Other advantages accrue from such an arrangement as shown in FIG. 2. Dividing the work envelope of robot 8 into a plurality of sections decreases the frequency and duration of operator attendance time by allowing the manipulator to automatically go from one task to another until all work that can be accomplished is completed on all task carts. Further, the smaller sections result in improved cycle times and reduced wear on manipulator mechanisms.
FIG. 3 shows a mobile, self-contained task cart 130 fitted to drive screws from feed tubes 132 into a bracket taken from stack 140. A tool 144 for these tasks is contained in special holder 146. Find post 148 is provided for manipulator calibration purposes.
In this particular instance, tool 144 is adapted to perform more than one task. That is, it can pick up a bracket from stack 140 and place it at work area 150. When work on a bracket is completed, the bracket is placed into chute 152 which leads to bin 154 where they accumulate until removal by the operator.
It is to be noted that the configuration of tooling on cart 130 is illustrative. The optimum placement of fixtures differs from one application to another and, to a certain degree, is a matter of choice. Often it is desirable to provide a plurality of supply sources for a single input part in order to increase the interval between cart resupply as well as to increase the probability of recovery of errors due to misfeeds.
The alignment holes 160 are provided in front rail 158 to receive the alignment posts 58 in robot base 34 (FIG. 4) to properly position cart 130 within the work envelope of the robot. Latch 59 in robot base 34 (FIG. 1) cooperates with front rail 158 of the cart. The rotatable latch 59 moves behind rail 158 to pull and lock the cart into its final position.
The surface 50 of robot base 34 is horizontal and is high enough from the floor to conform to the front edge of a task cart. As shown in FIG. 3, this would be the front rail 158. This height is chosen to be comfortable for a seated operator. Such a configuration is desirable to enable maximum use of the carts. The carts are not restricted to use with a robot but may also be utilized as a traditional, non-automated, but mobile work station for small jobs or rush jobs or the like.
Individual task carts, which may also be referred to as adaptive subassembly carts, are designed and tooled to support a particular assembly application. One advantage of this technique is the ease with which new applications may be developed. Given the basic cart design the engineer may build and test and modify through many iterations before committing significant manpower/machine resources. It may also be that a particular application would require two or more identically designed and tooled carts to accommodate a larger number of individual subassemblies to be manufactured.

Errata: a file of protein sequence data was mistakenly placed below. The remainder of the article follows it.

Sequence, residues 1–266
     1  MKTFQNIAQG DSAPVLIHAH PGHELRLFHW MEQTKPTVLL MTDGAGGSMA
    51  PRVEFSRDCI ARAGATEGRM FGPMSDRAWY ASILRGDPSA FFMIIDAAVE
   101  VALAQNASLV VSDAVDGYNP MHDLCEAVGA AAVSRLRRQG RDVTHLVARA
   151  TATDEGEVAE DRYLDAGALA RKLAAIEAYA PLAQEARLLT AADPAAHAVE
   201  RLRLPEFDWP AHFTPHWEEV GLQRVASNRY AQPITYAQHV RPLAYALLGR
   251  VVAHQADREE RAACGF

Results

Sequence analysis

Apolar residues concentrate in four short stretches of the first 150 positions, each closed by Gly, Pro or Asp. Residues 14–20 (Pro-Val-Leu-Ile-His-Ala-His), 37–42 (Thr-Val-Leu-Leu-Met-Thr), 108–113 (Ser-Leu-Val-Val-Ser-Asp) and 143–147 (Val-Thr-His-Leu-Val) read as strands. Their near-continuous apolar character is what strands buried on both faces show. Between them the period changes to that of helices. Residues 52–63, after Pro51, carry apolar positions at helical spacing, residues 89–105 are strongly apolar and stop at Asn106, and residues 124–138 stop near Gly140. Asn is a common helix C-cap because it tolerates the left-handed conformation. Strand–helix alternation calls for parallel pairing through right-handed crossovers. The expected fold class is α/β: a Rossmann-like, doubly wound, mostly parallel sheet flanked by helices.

The adaptive assembly system of the present invention can accommodate such changes because once the instructions for a given task cart assembly application are developed and debugged, that program may be stored and called as needed to cause the robot to operate a given task.
Refer now to FIG. 4, which is a flow chart of the overall process of adaptive batch assembly using the present invention. In determining the optimum use of expensive equipment and manpower, care and time is taken for the cart and software design stages. Thus, at entry point 200 the first determination made is whether there is more work to do in setting up a particular manufacturing run at decision block 204. If the answer is yes, then cart design and tooling occurs. The length of time devoted to this aspect of the project of course varies with the complexity of the task to which the cart will be dedicated and is in fact an iterative process.
As process block 208 represents a hardware design and test, so does block 212 represent software design and test. That is the software necessary to command the manipulator to perform the task tooled on the cart. It, too, is an iterative process since not only direct assembly movements but appropriate error routines must be developed. The details of this phase of design do not comprise a part of the present invention. A particular language associated with a particular manipulator is A Machine Language (AML) which is the program support provided for and with the IBM Robot System I.
The determination is made at decision block 216 whether the robot is ready to go. In other words all carts and programming ready for a test or production run. If not, we go back to decision block 204. If, however, carts are ready; they are positioned in their respective locations (FIG. 1), which is indicated at block 220.